The foundation has no employees and operates out of the Trump Corporation accounting office.

“In the absence of a functioning board, Mr. Trump ran the Foundation according to his whim, rather than the law. Mr. Trump, who was the sole signatory on the Foundation’s bank accounts, approved all grants and other disbursements from the Foundation. Accounting staff for the Trump Organization had responsibility for issuing checks from the Foundation, and issued the checks based solely on Mr. Trump’s approval before presenting the checks to Mr. Trump for signature,” the lawsuit states. “…Because of the lack of oversight and direction, Mr. Trump was able to use the Foundation’s charitable assets to satisfy the obligations of, or otherwise benefit, himself and other entities in which he had an interest.”


In 2016, the foundation was “coopted by Mr. Trump’s presidential campaign,” the attorney general charges, and the Iowa fundraiser in lieu of the debate “was planned, organized, financed, and directed by the Campaign, with administrative assistance from the Foundation.”

“…Mr. Trump was aware of the prohibition on political activities and the requirement of restrictions on related party transactions. Among other things, he repeatedly signed, under penalties of perjury, IRS Forms 990 in which he attested that the Foundation did not engage in transactions with interested parties, and that the Foundation did not carry out political activity.”

The lawsuit also says the foundation issued a check for $25,000 in 2013 to the re-election campaign of Florida Attorney General Pam Bondi, who endorsed Trump during the presidential campaign. On disclosures that year, the foundation said it made the donation to a group in Kansas that shared the name of Bondi’s political committee; the attorney general obtained a thank-you note from a Bondi campaign official for the $25,000. The same-named Kansas group did not receive any money.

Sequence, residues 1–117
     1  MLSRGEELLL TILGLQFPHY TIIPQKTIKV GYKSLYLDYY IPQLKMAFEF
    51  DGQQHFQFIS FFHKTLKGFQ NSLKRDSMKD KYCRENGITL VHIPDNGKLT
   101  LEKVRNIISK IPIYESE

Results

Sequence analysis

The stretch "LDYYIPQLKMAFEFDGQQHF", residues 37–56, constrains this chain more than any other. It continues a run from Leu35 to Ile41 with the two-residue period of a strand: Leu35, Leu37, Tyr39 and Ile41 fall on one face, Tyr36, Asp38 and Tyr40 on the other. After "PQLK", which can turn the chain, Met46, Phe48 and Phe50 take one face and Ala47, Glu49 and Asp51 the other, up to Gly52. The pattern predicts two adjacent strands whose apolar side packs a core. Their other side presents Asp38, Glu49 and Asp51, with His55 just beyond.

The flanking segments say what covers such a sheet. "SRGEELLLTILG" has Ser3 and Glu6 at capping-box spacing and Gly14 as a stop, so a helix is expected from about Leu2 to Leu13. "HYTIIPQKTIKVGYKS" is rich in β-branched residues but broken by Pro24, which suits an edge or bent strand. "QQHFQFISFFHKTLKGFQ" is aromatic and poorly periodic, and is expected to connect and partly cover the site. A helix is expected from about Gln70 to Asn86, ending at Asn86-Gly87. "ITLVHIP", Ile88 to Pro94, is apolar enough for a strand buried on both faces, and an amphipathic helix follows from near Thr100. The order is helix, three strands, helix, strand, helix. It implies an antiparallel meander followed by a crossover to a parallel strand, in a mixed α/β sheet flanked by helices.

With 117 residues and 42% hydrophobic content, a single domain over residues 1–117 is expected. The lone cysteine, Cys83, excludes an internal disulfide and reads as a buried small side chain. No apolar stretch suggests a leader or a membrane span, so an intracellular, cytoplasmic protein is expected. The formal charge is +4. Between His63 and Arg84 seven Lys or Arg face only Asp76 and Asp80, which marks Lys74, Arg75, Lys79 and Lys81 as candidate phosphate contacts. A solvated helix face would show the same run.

Citizens for Responsibility and Ethics in Washington filed a complaint with the IRS in March 2016. The next day, the IRS received a disclosure and reimbursement from Trump.

The lawsuit includes the image of a note from Trump authorizing a $100,000 payout to Fisher House Foundation to settle a 2007 zoning complaint against Mar-a-Lago.


Trump lashed out against the lawsuit on Twitter. “The sleazy New York Democrats, and their now disgraced (and run out of town) A.G. Eric Schneiderman, are doing everything they can to sue me on a foundation that took in $18,800,000 and gave out to charity more money than it took in, $19,200,000. I won’t settle this case!,” he tweeted.

“Schneiderman, who ran the Clinton campaign in New York, never had the guts to bring this ridiculous case, which lingered in their office for almost 2 years,” Trump added. “Now he resigned his office in disgrace, and his disciples brought it when we would not settle.”